Co-written and produced by the legendary Giorgio Moroder, “Call Me” is the biggest hit of Blondie’s career. Produced for the film American Gigolo, “Call Me” reinvented the post-punk band as a high-powered disco-rock combo. Debbie Harry is sexy cool over the motoric rhythm, churning guitars and flashy synths. Moroder cited his experience working with Blondie as one of the reasons he generally doesn’t like producing bands -– he says they argue too much.

25. “(Just Like) Starting Over” – John Lennon (1980)

After the birth of Sean in 1975, John Lennon and Yoko Ono descended into a life of calm domesticity. But in November 1980 Lennon released a joint album with his wife called Double Fantasy. The first single, “(Just Like) Starting Over,” was a beautiful expression of love set to old-school ’60s-rock. It spent five weeks at No. 1 becoming Lennon’s biggest ever chart hit as a solo artist. Weeks after the release of Double Fantasy John Lennon was murdered, an indescribable loss for the world.

24. “Upside Down” – Diana Ross (1980)

Written and produced by Nile Rodgers and Bernard Edwards of Chic, the supremely catchy, funky dance-floor staple was instrumental in proving that Ross was still a commercially viable artist. Deceptively simple, with lyrics that display a willingness to disregard her man’s rampant infidelities with apparently no consequences, “Upside Down” spent four weeks at No. 1 and connected the legend with a new generation of fans.

23. “Don’t Stop Believin’” – Journey (1981)

Is there a more famous piano introduction in rock history? Followed by Steve Perry, voice slick and dexterous, beginning the tale of a small town girl, a city boy and “shadows searching in the night.” Relatable and inspirational, “Don’t Stop Believin’” is the prototype for arena rock, with big choruses that get fans singing and waving their arms in the air. It’s a perfect working class anthem, a karaoke favorite whose popularity has only exploded over the years. It currently remains one of the top 20 downloaded digital songs of all time.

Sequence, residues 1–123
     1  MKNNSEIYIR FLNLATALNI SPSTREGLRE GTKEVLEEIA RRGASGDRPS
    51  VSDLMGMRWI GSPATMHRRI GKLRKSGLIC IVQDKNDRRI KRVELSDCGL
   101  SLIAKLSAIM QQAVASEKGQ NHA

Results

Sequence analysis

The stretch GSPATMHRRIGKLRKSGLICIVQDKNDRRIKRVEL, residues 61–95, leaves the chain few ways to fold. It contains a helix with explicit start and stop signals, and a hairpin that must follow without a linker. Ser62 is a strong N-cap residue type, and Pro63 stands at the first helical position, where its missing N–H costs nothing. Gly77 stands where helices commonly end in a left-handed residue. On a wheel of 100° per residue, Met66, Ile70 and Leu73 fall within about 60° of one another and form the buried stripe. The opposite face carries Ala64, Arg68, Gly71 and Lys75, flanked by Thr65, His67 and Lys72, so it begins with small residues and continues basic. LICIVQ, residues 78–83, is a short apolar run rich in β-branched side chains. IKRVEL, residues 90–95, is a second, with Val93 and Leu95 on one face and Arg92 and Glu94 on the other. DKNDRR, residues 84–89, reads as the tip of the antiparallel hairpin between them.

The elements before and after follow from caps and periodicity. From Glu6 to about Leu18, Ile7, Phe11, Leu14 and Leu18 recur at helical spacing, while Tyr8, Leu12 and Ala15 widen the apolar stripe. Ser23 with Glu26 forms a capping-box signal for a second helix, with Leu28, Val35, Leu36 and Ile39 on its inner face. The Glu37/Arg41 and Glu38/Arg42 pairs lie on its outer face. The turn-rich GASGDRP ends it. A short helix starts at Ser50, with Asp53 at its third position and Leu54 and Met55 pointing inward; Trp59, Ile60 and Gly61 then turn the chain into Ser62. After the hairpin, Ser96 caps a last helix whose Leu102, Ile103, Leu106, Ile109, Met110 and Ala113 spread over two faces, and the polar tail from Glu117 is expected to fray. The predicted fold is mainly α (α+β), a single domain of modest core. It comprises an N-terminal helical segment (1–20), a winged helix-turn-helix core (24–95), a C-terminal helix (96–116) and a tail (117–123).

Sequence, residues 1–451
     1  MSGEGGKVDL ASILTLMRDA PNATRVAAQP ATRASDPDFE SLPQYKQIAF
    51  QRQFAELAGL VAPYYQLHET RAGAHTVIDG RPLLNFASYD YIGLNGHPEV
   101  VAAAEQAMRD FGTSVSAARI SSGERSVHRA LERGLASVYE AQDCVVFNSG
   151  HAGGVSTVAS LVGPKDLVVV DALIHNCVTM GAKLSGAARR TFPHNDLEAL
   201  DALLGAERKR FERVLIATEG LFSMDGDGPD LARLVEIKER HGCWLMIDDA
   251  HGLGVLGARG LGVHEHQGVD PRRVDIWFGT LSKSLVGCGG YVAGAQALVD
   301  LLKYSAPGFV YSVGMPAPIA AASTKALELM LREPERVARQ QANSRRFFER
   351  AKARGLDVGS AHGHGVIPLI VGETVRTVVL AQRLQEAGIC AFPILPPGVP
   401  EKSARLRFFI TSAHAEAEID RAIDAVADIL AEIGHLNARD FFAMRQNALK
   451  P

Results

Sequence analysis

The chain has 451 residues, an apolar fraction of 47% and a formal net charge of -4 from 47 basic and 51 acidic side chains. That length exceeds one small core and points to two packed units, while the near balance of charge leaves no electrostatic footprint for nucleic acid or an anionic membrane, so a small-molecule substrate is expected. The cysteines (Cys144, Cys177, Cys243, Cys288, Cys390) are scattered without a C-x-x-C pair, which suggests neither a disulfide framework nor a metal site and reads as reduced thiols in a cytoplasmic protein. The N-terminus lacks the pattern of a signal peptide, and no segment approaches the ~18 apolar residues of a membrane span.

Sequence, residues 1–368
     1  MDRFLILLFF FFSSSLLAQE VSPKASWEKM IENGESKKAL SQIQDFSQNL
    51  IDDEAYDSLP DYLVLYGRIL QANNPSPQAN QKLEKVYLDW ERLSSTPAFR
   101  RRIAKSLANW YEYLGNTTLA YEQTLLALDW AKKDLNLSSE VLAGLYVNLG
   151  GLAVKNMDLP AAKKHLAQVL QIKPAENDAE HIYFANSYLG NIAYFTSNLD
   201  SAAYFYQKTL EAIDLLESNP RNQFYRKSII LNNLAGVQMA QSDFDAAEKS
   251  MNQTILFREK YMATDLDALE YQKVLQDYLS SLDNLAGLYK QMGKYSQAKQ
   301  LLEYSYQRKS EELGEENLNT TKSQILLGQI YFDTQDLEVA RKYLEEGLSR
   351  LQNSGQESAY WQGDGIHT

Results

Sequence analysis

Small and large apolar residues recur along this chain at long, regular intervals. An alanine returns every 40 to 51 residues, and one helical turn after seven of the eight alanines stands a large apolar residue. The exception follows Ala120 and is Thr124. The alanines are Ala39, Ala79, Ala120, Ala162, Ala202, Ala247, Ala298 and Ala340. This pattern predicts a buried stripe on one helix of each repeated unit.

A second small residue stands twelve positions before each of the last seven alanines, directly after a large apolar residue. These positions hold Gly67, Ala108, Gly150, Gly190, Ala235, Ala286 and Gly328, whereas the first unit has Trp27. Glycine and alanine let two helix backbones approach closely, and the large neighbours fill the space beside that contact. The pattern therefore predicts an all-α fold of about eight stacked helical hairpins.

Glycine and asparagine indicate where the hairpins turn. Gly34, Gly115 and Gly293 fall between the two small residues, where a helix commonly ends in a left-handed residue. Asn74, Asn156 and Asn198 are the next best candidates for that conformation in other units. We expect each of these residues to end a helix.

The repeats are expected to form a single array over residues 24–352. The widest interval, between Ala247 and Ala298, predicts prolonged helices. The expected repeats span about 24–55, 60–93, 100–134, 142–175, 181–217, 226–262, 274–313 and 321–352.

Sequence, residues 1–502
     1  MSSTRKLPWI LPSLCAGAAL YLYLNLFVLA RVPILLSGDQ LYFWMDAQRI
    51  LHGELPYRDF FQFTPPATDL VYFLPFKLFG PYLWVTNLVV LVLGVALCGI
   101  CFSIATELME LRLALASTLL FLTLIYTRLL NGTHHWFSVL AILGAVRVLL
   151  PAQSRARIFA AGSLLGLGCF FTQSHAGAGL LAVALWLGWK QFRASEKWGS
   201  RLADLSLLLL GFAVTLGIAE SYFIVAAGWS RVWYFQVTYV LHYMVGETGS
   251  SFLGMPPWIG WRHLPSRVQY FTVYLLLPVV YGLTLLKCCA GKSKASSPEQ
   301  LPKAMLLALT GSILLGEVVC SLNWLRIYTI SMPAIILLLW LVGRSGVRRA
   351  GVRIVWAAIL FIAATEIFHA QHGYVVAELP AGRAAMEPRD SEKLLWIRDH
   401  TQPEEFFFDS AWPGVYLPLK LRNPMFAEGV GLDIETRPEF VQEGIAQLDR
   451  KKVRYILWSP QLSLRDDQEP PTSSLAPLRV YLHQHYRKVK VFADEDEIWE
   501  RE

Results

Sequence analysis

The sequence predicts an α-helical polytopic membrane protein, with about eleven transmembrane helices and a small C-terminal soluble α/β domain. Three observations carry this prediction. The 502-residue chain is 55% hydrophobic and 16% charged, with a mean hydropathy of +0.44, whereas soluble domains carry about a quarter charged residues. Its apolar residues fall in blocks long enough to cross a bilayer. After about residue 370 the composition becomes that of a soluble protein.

22. “Need You Tonight” – INXS (1987)

Australian rockers INXS had built a solid fanbase in America, but it was their 1987 album Kick and its lead single “Need You Tonight” that made them stars. A tight and sparse slice of funk-pop with a wicked guitar riff, the song rose quickly to No. 1 and its striking video received strong support on MTV, a big factor in the success. For a brief period in 1987 and 1988 INXS was one of most popular bands in the world, and “Need You Tonight” was the song that shot them to the top.

21. “Jump” – Van Halen (1984)

Longtime fans drawn to the raw hard rock of Van Halen’s first five albums may have been shocked and dismayed upon first hearing the shimmering waves of synthesizers on “Jump,” but audiences around the world loved it. The combination of dynamic synths, a rock-solid rhythm section, David Lee Roth’s knockout vocal performance (the best of his career), and a blistering guitar solo by Eddie Van Halen made for an instant classic. Bolstered by a hard edge and aggressive attitude, the song leaps out of your speakers with galvanic force. “Jump” was lightning in a bottle for Van Halen, who would never again achieve this level of success.

The top 10 will be revealed exclusively in the print edition of Metro Weekly on Thursday, July 9, and online Friday, July 10, at noon.

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Music writer for Metro Weekly. Contact at cgerard@metroweekly.com.